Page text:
By asking for potassium iodide to be considered, the committee recognizes the important role of state and local governments in emergency planning.

The rule applies to state and tribal governments with nuclear plants within their borders and populations within the 10-mile emergency planning area, as well as local governments designated by the state to request funding for potassium iodide.

Who Should Avoid Taking Potassium Iodide Pills?

Iodine tablets are generally suitable for patients with iodine deficiency. Most of the iodine tablets sold on the Internet contain potassium iodide. Excessive intake of potassium iodide may lead to various adverse reactions, such as allergies, and may even be fatal in severe cases.

Potassium Iodide Dosage For Nuclear Attack

The World Health Organization recommends in “Iodine Thyroid Blockade – Guidelines for Planning and Responding to Radiological and Nuclear Emergencies” that a single dose of “stable iodine” for adults (>12 years) is 100 mg.

The minimum dose of KI for thyroid protection that different age groups can take. KI is available in different forms, such as liquid, powder, tablet, and pill. Parents or caregivers can cut or crush the pills to reduce the dose or give the liquid form to control intake for children or infants who cannot take the medicine.

  • Infants from birth to one-month-old: 16 mg
  • Infants from one month to three years old: 32 mg
  • Children 3-12 years old: 65 mg
  • Children aged 12-18 and under 150 pounds: 65 mg
  • Children 12-18 years old, weighing more than 150 pounds: 130 mg
  • Adults 18 years and older: 130 mg

After taking KI Potassium Iodide, its effect can last for 24 hours. So, when you need to take it, take it once daily.

After Japan’s Fukushima nuclear power plant launched a plan to discharge nuclear pollution into the sea, there has been a phenomenon of hoarding iodized salt. Normal adults need to consume 3-4 kg of iodized salt at one time to reach the dose recommended by WHO. It is obviously far beyond the intake of ordinary people. Therefore, nuclear radiation cannot be prevented by consuming iodized salt. Moreover, excessive salt intake will increase the load on the heart and kidneys, causing diseases such as high blood pressure. Excess iodine intake can also disrupt normal thyroid function.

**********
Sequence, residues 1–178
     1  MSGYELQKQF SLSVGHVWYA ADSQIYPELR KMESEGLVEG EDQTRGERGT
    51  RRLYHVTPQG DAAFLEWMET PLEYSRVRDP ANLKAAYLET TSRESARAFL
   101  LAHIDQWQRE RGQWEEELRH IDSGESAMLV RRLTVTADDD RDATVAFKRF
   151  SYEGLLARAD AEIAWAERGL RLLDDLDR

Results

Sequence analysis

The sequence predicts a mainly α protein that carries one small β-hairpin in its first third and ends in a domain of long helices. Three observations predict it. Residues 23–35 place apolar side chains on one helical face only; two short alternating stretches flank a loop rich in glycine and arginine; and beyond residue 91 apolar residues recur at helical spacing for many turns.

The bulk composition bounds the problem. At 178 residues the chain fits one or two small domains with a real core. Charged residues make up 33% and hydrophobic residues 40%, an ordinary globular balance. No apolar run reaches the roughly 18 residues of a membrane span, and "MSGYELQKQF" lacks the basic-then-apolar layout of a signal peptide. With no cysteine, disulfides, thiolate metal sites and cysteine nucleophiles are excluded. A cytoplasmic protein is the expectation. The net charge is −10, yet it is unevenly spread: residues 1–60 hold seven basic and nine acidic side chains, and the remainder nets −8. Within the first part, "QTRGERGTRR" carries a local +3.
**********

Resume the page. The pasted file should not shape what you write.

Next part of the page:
Is Potassium Iodide FDA-Approved?

Potassium iodide, as an over-the-counter medication for radiation emergencies, is approved by the FDA. This ingredient protects the thyroid gland from radioactive iodine released during a nuclear accident or emergency. By the way, as with any medication, individuals should check with doctors or pharmacists before using it.

Where To Buy Potassium Iodide?

As an experienced raw ingredients supplier, Nutri Avenue offers FDA-approved Potassium Iodide powder at wholesale price. And we accept to customize it into pills, tablets, etc. This ingredient is tested by a third party and certified by Kosher, Halal, GMP, etc. It’s a good time to sell KI potassium iodide because of Japan’s action. People hope they can buy related products to protect their health in an emergency. Therefore, Nutri Avenue is a good choice to support businesses and brands to produce such products. Welcome to get a free quote now.


  1. https://www.health.ny.gov/environmental/radiological/potassium_iodide/fact_sheet.htm
  2. https://www.nrc.gov/about-nrc/emerg-preparedness/about-emerg-preparedness/potassium-iodide/ki-faq.html
  3. https://www.bbc.com/news/world-asia-66106162
  4. https://www.abc27.com/news/health/pennsylvanians-near-active-nuclear-plants-can-receive-free-potassium-iodide/